Quick stroke treatment has lasting benefits, study shows
June 9, 1999
Web posted at: 5:01 p.m. EDT (1831 GMT)
(CNN) -- A 1995 study found that patients who were treated with a clot-busting agent within three hours of the onset of a stroke were 30 percent more likely to have no disability three months later. A follow-up study published in the week's New England Journal of Medicine found that patients who received this quick treatment continued to do well six months and a year after a stroke.
Researchers for the National Institute of Neurological Disorders and Stroke (NINDS), who conducted this two-part study, looked at patients who received a clot-busting agent, or tissue plasminogen activator (t-PA), within three hours of an ischemic stroke, the most common form of stroke.
These strokes are caused by a sudden blood clot that cuts circulation and oxygen to the brain, often damaging the brain tissue. In many cases, use of t-PA within three hours of the onset of symptoms restored the flow of blood. And the sooner the medication was dispensed, the better the patient's chances for recovery.
In the most recent NINDS study, 624 patients with stroke were randomly assigned to receive either t-PA or a placebo. Data on these patients were then collected for a year after their strokes. Like the three-month 1995 study, researchers found that patients treated with t-PA were 30 percent more likely to have minimal or no disability six and 12 months after a stroke compared to the patients who were treated with the placebo.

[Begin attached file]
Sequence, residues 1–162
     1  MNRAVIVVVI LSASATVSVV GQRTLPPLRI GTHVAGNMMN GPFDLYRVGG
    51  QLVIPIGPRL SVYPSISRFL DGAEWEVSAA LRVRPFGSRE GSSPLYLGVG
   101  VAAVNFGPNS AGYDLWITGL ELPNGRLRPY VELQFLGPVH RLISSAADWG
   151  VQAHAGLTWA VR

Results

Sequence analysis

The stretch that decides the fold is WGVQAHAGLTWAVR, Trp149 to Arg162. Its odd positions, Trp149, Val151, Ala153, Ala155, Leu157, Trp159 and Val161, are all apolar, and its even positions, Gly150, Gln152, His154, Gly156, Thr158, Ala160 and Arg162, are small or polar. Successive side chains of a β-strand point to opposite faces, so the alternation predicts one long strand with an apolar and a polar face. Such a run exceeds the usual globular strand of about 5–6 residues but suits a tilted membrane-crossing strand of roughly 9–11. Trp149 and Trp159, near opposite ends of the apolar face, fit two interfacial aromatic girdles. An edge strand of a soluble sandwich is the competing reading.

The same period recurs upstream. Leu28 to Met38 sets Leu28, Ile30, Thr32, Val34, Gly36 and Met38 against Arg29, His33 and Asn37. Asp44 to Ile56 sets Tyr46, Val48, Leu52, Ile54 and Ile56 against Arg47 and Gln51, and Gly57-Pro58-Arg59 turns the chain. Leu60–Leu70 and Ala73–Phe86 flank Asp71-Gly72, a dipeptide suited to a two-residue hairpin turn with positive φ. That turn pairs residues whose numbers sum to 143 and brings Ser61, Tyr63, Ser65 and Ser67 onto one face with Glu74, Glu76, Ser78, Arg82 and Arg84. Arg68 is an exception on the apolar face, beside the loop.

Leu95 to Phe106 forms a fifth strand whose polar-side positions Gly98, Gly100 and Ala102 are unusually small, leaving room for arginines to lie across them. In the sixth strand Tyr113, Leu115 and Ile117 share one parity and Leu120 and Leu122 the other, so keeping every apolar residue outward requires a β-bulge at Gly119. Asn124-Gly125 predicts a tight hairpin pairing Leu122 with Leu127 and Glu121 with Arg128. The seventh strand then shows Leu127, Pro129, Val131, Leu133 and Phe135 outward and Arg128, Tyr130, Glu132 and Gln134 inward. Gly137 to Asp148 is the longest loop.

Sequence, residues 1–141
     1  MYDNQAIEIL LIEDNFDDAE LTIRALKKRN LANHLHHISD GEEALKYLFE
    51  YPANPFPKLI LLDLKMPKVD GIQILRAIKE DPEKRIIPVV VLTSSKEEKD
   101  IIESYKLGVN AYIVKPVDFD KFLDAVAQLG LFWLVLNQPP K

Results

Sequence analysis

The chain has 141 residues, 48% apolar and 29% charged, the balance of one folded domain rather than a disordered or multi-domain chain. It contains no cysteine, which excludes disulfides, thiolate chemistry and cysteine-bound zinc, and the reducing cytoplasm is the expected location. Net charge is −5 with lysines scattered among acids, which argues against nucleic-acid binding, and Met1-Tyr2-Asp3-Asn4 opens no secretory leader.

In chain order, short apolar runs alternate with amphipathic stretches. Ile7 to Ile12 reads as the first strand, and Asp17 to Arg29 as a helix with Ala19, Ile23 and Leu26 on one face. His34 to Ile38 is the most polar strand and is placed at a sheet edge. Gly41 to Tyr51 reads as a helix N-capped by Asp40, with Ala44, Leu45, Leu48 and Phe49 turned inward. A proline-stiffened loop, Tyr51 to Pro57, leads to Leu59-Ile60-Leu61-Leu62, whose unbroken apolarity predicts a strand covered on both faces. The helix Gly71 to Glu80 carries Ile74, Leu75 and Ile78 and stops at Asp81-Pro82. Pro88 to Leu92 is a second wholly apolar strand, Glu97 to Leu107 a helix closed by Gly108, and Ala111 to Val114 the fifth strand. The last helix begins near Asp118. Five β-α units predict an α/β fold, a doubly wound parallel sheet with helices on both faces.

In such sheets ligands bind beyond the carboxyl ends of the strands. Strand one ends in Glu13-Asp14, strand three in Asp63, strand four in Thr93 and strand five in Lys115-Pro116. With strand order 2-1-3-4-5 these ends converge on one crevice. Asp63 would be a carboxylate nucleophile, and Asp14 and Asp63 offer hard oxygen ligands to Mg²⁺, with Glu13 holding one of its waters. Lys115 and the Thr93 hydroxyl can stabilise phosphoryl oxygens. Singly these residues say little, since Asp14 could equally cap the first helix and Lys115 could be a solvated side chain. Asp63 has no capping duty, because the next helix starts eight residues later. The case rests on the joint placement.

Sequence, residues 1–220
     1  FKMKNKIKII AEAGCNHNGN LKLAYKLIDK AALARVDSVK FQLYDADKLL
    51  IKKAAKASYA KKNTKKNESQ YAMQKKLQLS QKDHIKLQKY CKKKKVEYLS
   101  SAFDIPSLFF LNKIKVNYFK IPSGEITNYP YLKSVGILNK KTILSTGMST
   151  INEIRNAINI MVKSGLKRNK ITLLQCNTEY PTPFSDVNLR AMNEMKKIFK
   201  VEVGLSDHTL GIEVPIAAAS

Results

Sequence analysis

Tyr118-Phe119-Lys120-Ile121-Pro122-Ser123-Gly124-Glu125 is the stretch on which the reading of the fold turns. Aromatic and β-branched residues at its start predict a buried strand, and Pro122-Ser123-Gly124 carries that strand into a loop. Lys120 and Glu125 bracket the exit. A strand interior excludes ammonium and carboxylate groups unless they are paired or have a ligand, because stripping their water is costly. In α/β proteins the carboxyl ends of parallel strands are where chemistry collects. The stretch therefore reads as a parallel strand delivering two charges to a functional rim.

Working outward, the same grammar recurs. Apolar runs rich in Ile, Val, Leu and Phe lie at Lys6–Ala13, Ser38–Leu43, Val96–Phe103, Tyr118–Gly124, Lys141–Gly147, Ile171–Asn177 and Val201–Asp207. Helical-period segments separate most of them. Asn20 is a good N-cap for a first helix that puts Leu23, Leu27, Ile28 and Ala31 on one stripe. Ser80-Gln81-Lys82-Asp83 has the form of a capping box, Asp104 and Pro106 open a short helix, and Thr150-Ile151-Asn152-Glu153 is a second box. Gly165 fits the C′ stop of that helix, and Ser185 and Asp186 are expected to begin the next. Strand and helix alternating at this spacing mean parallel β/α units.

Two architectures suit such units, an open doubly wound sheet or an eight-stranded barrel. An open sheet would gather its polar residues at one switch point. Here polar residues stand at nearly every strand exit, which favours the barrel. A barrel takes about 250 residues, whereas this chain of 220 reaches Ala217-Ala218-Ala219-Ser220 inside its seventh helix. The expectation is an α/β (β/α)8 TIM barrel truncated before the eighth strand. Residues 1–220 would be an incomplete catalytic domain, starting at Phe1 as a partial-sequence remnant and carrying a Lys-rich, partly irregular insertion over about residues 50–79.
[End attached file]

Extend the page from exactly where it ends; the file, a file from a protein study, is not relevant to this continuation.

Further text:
"The benefit is sustained," said Dr. Michael Frankel of Emory University.
T-PA is commonly dispensed in emergency rooms for heart attacks. Doctors have started referring to strokes as "brain attacks" to convey the sense of emergency. Now that more effective treatments are at hand to deal with strokes, every minute counts.
Medical Correspondent Dan Rutz contributed to this report.
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The New England Journal of Medicine
National Institute of Neurological Disorders and Stroke
American Academy of Neurology
Stroke Prevention Guidelines Introduction
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